[SOLVED] Best cooling for laptop

britechguy

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Jul 2, 2019
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Yes, there is no need.

If you're mostly hovering around 80 to 85°C the bulk of the time during gaming, that temperature range is solidly within completely safe, normal limits for a modern processor and is of no concern.

The occasional brief spike up, while still topping out at less than the max normal designed operating temperature, is also completely normal. This spike can last from seconds to a few minutes when ultra-heavy load is present, but then should drop back down into the range above once that load has passed.

The idea that a gaming desktop, let alone a gaming laptop, is going to be coasting along at, say 60-ish °C under typical gaming load using only stock air cooling is just never gonna happen. And temperatures up to and including 85°C in a modern processor are not "hot" in any meaningful sense of that word for a processor.

There was a recent article here on TH that the latest AMD GPU was designed such that temperatures up to 110°C are within spec and considered normal. Processor design has been such that increasing temperatures are tolerated and expected for a long time now, and as more processing power gets packed into less space that trend will only increase.

You can't use what was OK for a 1980s vintage processor as an accurate metric regarding what's OK for what's out there now, and in a very short time that statement will apply equally to "what's out there now" being obsolete as a comparison for normal temps in what's to come. You must look at the processor spec sheet (or device spec sheet) and see what the OEM states are normal operating temperature limits. You can also count on modern processors to fend for themselves as far as not allowing themselves to self-immolate.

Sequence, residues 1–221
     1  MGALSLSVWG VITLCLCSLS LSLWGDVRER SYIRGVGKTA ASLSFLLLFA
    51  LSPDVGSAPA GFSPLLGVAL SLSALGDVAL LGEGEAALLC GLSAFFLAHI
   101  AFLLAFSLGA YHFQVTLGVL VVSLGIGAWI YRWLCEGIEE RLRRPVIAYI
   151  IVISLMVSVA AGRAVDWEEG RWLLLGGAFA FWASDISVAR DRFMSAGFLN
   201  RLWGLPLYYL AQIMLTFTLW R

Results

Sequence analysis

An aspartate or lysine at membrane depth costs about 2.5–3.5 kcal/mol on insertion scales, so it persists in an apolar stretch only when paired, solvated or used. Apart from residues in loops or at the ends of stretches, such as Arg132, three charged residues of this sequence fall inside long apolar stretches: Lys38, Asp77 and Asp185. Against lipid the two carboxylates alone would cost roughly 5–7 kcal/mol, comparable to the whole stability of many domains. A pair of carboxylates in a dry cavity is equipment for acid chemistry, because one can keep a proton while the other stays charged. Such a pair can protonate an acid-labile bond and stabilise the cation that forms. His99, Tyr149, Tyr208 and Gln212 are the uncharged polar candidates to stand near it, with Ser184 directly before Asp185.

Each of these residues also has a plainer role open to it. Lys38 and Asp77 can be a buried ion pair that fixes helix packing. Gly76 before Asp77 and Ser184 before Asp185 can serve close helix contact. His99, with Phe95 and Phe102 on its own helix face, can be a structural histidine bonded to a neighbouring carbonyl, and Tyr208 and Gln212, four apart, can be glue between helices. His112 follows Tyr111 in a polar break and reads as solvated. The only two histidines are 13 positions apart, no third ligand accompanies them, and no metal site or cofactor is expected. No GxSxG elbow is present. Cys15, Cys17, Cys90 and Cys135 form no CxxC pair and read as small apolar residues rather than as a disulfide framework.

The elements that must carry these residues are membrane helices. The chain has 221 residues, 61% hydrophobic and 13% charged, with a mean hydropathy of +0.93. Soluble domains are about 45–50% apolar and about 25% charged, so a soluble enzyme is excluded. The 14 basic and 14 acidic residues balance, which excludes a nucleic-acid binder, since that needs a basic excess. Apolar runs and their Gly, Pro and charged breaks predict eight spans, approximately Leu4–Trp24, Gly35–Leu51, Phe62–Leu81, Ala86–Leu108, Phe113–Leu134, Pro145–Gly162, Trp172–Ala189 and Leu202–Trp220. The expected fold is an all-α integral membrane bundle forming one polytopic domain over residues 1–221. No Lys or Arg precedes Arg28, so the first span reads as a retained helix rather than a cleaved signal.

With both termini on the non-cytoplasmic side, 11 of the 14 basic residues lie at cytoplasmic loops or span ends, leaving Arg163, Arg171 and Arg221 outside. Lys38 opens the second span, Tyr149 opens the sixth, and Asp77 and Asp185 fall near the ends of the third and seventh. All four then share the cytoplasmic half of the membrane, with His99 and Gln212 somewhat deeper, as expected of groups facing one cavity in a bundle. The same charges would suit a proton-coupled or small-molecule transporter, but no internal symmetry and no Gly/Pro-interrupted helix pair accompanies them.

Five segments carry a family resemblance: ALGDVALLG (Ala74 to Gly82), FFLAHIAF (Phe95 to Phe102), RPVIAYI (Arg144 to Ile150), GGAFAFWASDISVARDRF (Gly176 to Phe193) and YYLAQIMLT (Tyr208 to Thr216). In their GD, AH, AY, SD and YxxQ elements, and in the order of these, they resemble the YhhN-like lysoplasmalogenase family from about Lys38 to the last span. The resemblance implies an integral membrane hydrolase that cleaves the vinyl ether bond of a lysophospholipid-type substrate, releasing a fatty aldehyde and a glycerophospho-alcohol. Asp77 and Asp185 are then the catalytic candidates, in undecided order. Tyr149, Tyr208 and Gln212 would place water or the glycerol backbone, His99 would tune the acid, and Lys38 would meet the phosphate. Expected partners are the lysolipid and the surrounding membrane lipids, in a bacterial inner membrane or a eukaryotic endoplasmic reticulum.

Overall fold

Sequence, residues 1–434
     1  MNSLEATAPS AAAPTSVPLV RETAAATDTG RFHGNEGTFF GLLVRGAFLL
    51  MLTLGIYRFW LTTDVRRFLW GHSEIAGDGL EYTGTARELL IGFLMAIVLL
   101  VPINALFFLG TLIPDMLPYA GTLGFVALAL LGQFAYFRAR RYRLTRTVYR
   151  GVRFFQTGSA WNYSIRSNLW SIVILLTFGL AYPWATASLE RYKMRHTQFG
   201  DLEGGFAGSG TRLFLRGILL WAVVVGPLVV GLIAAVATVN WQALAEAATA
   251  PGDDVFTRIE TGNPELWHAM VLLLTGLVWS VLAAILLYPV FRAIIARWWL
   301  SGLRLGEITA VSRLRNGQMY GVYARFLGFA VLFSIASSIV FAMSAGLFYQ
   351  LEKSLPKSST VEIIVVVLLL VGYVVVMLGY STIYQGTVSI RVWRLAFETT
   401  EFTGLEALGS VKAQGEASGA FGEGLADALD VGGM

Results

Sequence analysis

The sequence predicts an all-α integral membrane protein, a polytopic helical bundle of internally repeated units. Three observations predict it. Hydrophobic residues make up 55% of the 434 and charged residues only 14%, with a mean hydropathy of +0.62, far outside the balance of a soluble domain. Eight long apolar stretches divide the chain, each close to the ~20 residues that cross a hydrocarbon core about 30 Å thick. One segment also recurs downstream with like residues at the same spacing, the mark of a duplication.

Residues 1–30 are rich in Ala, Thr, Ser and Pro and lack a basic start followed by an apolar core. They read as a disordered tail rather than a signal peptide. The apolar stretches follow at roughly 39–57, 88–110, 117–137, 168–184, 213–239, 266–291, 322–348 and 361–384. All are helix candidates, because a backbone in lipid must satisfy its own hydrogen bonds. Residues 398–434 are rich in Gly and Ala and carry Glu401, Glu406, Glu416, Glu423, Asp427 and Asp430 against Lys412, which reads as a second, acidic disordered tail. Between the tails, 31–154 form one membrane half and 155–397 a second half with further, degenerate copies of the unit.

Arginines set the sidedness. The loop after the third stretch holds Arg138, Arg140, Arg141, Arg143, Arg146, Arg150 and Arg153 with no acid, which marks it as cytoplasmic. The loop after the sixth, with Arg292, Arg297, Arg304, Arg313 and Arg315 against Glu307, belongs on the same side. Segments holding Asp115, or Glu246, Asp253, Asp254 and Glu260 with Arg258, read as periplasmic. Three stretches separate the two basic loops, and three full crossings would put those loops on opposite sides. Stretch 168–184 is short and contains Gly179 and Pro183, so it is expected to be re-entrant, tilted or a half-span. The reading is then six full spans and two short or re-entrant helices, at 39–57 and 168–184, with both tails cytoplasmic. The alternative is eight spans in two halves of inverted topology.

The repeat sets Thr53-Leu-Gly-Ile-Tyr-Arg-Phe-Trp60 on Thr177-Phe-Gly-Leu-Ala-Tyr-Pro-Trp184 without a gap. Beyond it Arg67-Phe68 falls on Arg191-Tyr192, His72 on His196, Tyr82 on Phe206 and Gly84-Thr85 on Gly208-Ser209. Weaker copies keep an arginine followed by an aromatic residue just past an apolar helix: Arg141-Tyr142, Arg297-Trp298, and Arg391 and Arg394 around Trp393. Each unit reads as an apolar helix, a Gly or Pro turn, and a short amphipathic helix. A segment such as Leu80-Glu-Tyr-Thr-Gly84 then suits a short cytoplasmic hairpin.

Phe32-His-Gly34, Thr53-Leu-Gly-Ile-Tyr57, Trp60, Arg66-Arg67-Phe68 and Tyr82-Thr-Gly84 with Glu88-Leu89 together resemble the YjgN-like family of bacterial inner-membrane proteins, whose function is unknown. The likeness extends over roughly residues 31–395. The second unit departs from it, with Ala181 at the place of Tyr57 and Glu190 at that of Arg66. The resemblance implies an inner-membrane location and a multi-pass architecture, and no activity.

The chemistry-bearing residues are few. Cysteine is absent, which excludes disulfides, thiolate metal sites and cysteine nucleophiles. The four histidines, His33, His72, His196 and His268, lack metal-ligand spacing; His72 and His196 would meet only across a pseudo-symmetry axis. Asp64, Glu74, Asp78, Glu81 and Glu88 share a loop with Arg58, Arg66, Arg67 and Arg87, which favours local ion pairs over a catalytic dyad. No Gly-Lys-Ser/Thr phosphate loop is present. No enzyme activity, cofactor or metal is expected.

britechguy

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Jul 2, 2019
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The question is, does it quickly spike to that temperature then fall back, or does it stay there?

If it's the former, that's perfectly natural. If one were to be using a realtime temperature monitor with logging, on any system, there are moments of very high load where a processor can go from "cold to hot" in under a second, stay there very briefly, and drop back. It happens all the time and because that's how it happens many have no idea it has.

The i7s have a Tmax (or TMaxJunction) of 100 degrees C and active thermal monitoring and control. Most modern processors do, and most modern processors are intentionally designed to allow much higher temperatures than were characteristic in the early days because they're designed to handle same with grace and do not either "burn themselves out" nor have shortened life of any significance.

If a modern processor is in distress you will know it and see a change in behavior secondary to throttling and, in a worst case scenario, instantaneous shutdown. I have actually never seen the latter occur (secondary to heat issues, anyway) with a modern processor and can't recall the last time I've seen throttling.